-Marian Wright Edelman

              It’s commencement season and we should each have the right to circulate at least one commencement speech.  I’m choosing Marian Wright Edelman’s earlier this month at Colorado College. 

Like all commencement speeches there are a few unavoidable clichés, but Marian remains a brave and original thinker, in whom the passion for social justice has never diminished. She offers the graduates the seven lessons she shared with her three sons.  They are worth a read.

You can find both the video and the printed transcript  @ http://www.coloradocollege.edu/commencement/  

Monday, May 27, 2013

New Brookings Study of Suburban "Cul De Sac" Poverty

Just when you think you finally are beginning to understand the issues you’ve worked on for much your career, new research comes along that turns everything you thought you knew upside down and serves as powerful reminder to look beyond conventional wisdom. That was the experience I had while preparing to keynote a Brookings Institution session last week on suburban poverty.

The occasion was the publication of an important new book by Elizabeth Kneebone and Alan Berube called Confronting Suburban Poverty in America.  @ http://www.nytimes.com/2013/05/21/opinion/cul-de-sac-poverty.html?hp&_r=0

 Most of us have mental images of poverty concentrated in urban areas and hard to reach rural communities. But what the authors found is that  one in three poor Americans now live in the suburbs and that the pace has been growing so fast that in a number of regions- like Chicago, Houston, Seattle -  the rates of poverty in the suburbs are now actually greater than the rates of poverty in the city.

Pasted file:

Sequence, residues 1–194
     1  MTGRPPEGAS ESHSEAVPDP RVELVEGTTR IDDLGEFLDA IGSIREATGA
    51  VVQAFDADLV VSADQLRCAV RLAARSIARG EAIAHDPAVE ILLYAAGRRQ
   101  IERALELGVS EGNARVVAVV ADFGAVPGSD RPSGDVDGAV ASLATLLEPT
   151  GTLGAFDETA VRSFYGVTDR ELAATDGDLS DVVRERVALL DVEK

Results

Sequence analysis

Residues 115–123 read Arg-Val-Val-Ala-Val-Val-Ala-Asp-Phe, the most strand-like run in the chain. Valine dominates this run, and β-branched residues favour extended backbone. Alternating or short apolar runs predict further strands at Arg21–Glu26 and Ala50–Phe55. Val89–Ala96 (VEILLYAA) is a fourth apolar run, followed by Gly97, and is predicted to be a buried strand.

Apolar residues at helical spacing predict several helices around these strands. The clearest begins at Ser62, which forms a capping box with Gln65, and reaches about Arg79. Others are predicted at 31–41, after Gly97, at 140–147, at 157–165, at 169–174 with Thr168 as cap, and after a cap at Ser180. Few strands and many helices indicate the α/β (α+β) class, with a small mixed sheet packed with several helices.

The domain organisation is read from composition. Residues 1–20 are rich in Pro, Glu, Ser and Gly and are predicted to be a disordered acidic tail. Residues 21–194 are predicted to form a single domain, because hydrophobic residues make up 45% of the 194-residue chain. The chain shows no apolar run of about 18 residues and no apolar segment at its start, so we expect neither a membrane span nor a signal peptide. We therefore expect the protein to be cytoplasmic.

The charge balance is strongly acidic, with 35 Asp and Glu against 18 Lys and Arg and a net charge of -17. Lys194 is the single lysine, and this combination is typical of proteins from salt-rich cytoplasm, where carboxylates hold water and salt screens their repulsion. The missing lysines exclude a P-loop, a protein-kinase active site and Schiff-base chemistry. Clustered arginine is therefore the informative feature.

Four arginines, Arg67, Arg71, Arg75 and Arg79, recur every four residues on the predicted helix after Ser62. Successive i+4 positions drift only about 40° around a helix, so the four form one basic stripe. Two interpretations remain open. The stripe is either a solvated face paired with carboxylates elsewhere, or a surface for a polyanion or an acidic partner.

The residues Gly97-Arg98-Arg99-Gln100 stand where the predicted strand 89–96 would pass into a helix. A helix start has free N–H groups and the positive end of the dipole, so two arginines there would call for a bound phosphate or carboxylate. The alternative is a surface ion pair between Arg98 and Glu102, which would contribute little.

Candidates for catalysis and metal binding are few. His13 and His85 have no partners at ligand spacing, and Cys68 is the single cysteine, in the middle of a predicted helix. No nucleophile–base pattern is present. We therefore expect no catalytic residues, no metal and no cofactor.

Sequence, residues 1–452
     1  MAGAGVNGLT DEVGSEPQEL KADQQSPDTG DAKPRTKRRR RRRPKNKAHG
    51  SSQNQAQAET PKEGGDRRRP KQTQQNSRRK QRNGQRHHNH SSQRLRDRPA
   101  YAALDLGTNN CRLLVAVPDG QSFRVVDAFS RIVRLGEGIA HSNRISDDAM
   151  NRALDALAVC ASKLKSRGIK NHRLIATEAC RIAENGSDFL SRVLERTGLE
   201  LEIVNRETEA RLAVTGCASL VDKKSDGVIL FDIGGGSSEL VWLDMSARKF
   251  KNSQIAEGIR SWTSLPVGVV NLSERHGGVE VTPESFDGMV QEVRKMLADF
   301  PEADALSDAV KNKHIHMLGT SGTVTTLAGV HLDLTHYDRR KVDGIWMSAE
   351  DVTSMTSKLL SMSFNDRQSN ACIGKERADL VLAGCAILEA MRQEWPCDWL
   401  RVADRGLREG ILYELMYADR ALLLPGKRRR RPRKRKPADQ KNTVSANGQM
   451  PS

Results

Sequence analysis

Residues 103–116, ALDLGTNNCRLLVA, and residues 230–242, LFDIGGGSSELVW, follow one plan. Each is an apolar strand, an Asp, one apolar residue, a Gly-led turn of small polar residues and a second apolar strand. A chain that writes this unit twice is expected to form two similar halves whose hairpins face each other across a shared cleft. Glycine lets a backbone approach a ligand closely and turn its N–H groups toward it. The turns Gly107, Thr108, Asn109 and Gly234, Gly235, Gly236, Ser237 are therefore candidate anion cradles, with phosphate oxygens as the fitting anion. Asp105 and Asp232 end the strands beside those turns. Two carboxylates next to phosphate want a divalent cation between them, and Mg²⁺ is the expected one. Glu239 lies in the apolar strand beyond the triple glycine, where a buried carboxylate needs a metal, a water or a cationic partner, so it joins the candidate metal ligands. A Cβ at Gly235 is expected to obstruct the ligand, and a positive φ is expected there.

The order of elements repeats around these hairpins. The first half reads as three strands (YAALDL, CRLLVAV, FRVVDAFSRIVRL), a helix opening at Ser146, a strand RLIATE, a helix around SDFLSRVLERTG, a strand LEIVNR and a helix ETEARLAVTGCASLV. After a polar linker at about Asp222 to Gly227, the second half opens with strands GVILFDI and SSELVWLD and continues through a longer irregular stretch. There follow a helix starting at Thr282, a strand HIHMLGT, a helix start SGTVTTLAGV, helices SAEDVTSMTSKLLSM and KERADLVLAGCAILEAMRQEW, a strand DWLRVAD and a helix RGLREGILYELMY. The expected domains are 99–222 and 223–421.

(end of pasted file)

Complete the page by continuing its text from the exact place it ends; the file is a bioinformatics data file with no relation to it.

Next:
But the authors also found that anti-poverty programs haven’t evolved accordingly. “Policies to help poor places – as opposed to poor people – haven’t evolved much beyond the War On Poverty’s neighborhood-based solutions.”  Federal programs designed for urban areas, ranging from Community Health Centers to Promise Neighborhoods – are ill-suited for suburbs where poverty is more diffuse and services scattered.

Americans living in poverty have always found themselves to be vulnerable, voiceless, and often invisible to policymakers. As poverty has dissipated from our cities to our suburbs that has become even more the case. Kneebone and Berube have written an original and important book that gives voice to their needs.

Saturday, May 25, 2013